I Feel Your Pain: Empathy Matters For Students and Presidents

Bill Clinton's famous phrase "I feel your pain" has become a cliché, but voters want to feel candidates really do understand their plight.

It was during his first presidential campaign in the spring of 1992 that Bill Clinton uttered the now famous words, "I feel your pain." The setting was a New York City fundraiser, and he was responding to AIDS activist Bob Rafsky who was pushing him to take a stand and address the AIDS epidemic sweeping across the country.

The phrase has since become a cliché and has been immortalized on Saturday Night Live. In an important way though it defined the strength of Clinton’s campaign and his presidency: the ability to connect directly with the public and inspire confidence among voters that he understood their plight. Here's a good example of this talent in action, during the first-ever televised town hall debate that fall.

Forget, for a moment, the content of his message: just look at Clinton’s body language and eye contact and compare him with Bush, who infamously looked at his watch as a voter asked the question and seemed uncomfortable throughout. Many saw this as a turning point in the campaign.

Fast-forward 20 years. Once again we find ourselves in the midst of a recession—this one much deeper and more painful than the recession of the early 90s. Once again the ability to connect and empathize has become a central part of a presidential campaign. Much has been made, in particular, of Mitt Romney’s perceived empathy gap—occasionally displayed by moves such as his spontaneous $10,000 bet.

Whether his empathy deficit is real or simply perceived is for the voters to decide, but the fact remains that it has become a central political issue. Pundits on both sides of the aisle have speculated that the empathy factor might be strong enough to counter the strong headwinds President Obama would normally face during our difficult economic times. On the defensive, Romney has begun referring to his Massachusetts health plan as a sign of his empathy for others.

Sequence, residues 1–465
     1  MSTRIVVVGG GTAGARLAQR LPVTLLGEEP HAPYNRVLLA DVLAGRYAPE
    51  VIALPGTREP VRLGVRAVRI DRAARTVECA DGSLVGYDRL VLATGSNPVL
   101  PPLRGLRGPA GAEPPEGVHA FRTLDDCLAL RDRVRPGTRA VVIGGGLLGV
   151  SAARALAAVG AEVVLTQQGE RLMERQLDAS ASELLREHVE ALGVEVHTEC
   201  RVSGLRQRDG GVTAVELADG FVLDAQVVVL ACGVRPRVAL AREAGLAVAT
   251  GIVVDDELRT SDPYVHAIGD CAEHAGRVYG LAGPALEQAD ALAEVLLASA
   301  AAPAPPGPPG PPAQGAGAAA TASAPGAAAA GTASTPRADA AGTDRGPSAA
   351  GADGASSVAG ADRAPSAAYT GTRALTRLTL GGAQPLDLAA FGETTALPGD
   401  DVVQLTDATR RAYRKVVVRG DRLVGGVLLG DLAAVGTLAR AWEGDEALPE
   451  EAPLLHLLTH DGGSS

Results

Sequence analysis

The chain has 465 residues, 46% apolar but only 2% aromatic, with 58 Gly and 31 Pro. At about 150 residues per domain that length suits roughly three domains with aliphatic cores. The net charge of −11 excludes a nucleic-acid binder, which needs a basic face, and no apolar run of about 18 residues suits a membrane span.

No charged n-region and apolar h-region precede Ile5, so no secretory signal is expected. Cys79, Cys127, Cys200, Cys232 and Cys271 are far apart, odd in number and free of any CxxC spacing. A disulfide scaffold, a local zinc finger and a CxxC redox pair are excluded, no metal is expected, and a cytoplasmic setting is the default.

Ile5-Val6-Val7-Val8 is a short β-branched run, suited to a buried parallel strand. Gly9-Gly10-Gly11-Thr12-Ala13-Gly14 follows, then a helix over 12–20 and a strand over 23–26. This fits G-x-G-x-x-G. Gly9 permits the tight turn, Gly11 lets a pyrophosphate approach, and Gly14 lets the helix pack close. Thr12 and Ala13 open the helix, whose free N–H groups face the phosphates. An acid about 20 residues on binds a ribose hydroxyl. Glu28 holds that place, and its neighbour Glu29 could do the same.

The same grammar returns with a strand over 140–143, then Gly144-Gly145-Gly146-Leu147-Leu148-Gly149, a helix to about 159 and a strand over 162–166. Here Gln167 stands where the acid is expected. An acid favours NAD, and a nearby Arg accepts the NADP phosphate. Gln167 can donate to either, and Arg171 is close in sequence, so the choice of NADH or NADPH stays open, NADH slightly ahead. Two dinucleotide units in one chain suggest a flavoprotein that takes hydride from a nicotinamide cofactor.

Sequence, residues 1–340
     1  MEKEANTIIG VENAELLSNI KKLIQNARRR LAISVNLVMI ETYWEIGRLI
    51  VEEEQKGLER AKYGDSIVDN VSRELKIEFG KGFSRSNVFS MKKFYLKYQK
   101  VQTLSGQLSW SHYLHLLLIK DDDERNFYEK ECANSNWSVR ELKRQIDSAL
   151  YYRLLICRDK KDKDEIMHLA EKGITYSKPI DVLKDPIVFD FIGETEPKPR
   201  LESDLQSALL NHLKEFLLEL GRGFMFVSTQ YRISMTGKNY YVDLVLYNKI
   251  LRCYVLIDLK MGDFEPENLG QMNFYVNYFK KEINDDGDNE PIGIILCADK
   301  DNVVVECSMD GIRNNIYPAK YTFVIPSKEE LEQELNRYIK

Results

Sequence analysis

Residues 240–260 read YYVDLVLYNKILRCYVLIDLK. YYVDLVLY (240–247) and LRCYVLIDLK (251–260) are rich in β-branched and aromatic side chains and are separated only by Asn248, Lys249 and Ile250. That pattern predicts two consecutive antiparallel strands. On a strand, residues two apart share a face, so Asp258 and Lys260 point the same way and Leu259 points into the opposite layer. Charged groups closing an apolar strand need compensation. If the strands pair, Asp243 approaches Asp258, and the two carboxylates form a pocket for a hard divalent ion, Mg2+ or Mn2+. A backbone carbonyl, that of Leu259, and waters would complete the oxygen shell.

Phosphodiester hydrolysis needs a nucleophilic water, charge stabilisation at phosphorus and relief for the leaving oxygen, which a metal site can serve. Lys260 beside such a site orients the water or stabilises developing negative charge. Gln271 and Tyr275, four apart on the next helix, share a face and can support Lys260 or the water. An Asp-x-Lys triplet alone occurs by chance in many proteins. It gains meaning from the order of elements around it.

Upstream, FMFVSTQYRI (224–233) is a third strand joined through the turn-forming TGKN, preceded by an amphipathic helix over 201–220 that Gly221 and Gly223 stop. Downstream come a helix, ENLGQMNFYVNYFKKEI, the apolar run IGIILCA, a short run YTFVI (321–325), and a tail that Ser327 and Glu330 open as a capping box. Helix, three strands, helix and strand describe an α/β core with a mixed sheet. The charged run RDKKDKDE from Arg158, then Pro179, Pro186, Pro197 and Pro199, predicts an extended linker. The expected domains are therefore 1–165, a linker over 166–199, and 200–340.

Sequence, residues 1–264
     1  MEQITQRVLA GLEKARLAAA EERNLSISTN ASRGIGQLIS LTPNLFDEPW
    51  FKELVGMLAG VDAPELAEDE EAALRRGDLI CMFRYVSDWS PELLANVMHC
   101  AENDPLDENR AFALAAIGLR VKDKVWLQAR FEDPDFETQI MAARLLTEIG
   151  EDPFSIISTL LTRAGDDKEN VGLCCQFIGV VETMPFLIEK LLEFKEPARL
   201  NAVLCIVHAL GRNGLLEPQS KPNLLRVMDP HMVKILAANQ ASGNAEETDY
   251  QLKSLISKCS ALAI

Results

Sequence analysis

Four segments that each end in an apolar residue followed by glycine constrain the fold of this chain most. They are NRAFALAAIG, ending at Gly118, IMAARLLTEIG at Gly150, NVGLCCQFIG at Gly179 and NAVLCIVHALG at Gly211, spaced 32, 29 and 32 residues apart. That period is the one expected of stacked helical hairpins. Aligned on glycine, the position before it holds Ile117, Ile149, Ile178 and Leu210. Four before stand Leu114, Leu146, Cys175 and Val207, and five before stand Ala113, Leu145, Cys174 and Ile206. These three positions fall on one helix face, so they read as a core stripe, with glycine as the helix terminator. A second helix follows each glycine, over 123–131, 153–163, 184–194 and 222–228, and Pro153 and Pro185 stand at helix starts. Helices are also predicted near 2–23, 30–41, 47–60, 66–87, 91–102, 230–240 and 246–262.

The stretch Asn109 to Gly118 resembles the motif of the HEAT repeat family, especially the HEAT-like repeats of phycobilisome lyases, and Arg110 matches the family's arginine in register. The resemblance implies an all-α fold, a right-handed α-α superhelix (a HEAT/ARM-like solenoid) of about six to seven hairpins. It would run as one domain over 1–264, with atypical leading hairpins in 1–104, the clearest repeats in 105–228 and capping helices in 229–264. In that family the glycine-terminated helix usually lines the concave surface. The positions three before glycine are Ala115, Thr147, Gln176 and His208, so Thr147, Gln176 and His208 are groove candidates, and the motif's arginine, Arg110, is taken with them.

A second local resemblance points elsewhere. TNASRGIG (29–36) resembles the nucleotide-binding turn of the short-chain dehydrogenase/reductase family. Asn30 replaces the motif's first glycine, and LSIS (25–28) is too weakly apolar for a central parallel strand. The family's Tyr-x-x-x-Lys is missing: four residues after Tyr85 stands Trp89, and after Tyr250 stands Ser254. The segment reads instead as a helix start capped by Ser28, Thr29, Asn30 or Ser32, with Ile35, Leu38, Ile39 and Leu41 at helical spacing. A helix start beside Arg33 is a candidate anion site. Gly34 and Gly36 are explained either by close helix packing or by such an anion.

During the first debate, empathy was on display from the beginning. In his opening statement, Romney invoked various struggling women he'd met on the campaign trail: a woman in Ohio who has been unemployed since May and asked 'can you help me?'; another woman with a baby in her arms who had just lost her home. He was replaying Clinton, implicitly telling middle class Americans that he feels their pain.

The desire to connect permeated both conventions as well. Ann Romney, for instance, took it upon herself to get her husband's human side across, describing everything from their younger years of living in a basement apartment and eating tuna fish (translation: "we know what difficult times are like") to Mitt’s record of generous charitable giving.

This is not—nor should it be—a partisan issue. We shouldn't forget that in 2004, George W. Bush was running as the compassionate conservative and John Kerry was the one who couldn't connect. Even President Obama has had to fight the perception of the aloof professor who can "get you" on an intellectual level but not in that instantaneous emotional way that Clinton could.

The fact is, it matters to Americans that their leaders—and especially their presidents – display empathy. It matters because we want to feel represented. We want to feel that our struggles and anxieties are understood and will influence the political process in Washington. A concern with a candidate's capacity for empathy translates into how we think a president will act. Will our interests be heard amid the insistent clamor of special interests? This is not an issue of mere likability—which is sometimes mistakenly conflated with empathy as the New York Times did in August. As we wrote in these pages, empathy cannot be reduced to a PR asset. American voters look for it in candidates because they recognize it as a quality that’s necessary for sound and inspiring leadership.